Emergency services have ramped up rescue efforts in central England to prevent a dam that was damaged in heavy rain from collapsing near the town of Whaley Bridge in the district of Derbyshire. New pumps have been brought to the area to further reduce the water levels at the reservoir.
The UK Met Office has issued a yellow severe weather warning as emergency services continue their work.
Environment Minister Thérèse Coffey has stated that the situation remains "critical" and called on evacuees not to return to their homes.
Such sad #flooding around many parts of the country this week. My thoughts, and I know those of all my @EnvAgency colleagues, are with everyone who’s been affected.— James Bevan (@JamesBevanEA) August 2, 2019
There still remains a real risk to life in #WhaleyBridge where a Severe Flood Warning is in force. pic.twitter.com/5kEgySRwSZ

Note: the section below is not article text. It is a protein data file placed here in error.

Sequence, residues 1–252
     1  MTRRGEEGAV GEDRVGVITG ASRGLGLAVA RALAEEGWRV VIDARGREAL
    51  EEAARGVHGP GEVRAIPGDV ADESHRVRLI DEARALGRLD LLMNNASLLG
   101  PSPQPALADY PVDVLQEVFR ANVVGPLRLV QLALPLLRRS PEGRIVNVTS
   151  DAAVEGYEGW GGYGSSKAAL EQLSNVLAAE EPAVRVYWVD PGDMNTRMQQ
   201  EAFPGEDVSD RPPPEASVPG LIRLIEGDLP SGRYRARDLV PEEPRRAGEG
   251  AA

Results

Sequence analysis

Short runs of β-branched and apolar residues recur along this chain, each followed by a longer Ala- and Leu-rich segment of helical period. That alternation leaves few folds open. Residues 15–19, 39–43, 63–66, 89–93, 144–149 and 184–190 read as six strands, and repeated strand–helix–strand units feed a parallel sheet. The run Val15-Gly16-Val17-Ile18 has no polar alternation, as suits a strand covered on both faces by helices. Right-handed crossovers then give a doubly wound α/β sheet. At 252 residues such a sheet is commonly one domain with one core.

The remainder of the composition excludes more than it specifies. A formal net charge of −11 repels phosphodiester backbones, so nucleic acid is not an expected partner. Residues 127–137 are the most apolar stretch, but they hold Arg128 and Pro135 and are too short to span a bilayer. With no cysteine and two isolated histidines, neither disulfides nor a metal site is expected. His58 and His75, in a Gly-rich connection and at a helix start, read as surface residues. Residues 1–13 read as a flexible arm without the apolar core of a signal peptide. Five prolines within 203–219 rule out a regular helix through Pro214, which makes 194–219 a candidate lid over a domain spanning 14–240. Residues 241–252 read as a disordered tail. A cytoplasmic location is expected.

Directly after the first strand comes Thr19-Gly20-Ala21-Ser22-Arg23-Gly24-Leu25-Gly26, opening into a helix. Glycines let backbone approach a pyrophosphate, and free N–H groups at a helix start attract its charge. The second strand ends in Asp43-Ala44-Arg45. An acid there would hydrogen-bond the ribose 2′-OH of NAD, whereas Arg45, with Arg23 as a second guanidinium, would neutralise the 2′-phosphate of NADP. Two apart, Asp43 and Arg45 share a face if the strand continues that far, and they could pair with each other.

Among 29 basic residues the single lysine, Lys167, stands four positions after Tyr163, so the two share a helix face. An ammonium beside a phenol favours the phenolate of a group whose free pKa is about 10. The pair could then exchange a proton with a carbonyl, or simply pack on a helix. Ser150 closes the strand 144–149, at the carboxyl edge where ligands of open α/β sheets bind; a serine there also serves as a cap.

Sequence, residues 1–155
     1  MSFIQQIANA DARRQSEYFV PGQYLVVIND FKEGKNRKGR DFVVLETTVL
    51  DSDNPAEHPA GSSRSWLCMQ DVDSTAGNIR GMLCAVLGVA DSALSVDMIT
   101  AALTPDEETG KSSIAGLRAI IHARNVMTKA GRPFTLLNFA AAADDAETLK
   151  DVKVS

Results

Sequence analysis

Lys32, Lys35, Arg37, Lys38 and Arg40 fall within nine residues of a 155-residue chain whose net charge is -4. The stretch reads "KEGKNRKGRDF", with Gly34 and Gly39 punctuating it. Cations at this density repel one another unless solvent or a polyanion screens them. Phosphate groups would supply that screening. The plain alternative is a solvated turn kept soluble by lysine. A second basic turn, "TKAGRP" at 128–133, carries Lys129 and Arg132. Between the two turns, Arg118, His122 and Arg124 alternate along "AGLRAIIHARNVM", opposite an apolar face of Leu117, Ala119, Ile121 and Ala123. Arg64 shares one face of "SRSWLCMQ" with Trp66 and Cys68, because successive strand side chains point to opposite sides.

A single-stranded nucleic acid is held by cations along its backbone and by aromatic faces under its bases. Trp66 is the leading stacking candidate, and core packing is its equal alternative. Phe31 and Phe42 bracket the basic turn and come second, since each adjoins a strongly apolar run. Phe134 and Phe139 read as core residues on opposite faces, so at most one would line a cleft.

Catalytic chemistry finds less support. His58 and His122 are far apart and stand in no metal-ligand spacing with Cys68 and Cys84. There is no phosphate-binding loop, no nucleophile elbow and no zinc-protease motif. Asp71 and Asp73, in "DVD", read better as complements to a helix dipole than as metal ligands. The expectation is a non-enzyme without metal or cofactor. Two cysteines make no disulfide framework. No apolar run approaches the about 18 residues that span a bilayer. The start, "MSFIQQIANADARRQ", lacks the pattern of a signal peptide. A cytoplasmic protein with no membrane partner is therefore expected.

Parts of the Toddbrook Reservoir crumbled on Thursday after a heavy downpour hit the area. Workers have been dispatched to the site to contain the collapse of the 300-million-gallon structure.
Following the damage, nearly 1,500 residents of the nearby town were evacuated for fears the dam could collapse and flood the area. They were allowed to return briefly on Friday evening to collect any vital items or pets.
On Friday, Prime Minister Boris Johnson visited the area, vowing a "major rebuild" of the reservoir, while admitting that the damage to the dam was "pretty scary".
The reservoir was built in 1840-41 and has had a history of leakage, according to the Environment Agency.